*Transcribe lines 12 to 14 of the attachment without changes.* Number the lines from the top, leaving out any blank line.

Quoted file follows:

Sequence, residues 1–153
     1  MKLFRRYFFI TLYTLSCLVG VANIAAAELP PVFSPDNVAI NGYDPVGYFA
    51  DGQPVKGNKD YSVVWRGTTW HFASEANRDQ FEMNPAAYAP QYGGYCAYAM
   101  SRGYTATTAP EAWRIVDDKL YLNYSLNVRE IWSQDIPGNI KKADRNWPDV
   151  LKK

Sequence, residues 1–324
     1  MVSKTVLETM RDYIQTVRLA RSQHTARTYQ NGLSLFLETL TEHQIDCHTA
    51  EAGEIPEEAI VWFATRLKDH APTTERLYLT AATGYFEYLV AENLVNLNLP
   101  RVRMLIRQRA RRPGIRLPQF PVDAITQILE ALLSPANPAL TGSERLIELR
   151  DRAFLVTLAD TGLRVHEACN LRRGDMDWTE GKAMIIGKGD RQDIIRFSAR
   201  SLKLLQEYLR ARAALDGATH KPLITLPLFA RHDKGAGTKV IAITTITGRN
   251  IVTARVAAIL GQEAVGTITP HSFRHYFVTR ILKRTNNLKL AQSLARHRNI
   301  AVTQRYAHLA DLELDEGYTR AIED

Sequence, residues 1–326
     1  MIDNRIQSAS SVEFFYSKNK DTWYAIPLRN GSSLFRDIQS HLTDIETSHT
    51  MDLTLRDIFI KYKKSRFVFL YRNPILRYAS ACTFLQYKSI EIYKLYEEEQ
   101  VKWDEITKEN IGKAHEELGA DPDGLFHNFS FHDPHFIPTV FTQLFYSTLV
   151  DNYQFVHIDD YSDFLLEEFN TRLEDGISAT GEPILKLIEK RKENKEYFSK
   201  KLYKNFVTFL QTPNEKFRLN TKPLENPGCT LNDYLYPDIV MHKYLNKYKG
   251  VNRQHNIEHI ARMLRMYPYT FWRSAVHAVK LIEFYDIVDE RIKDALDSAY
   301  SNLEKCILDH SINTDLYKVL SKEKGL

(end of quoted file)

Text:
   251  IVTARVAAIL GQEAVGTITP HSFRHYFVTR ILKRTNNLKL AQSLARHRNI
   301  AVTQRYAHLA DLELDEGYTR AIED

Sequence, residues 1–326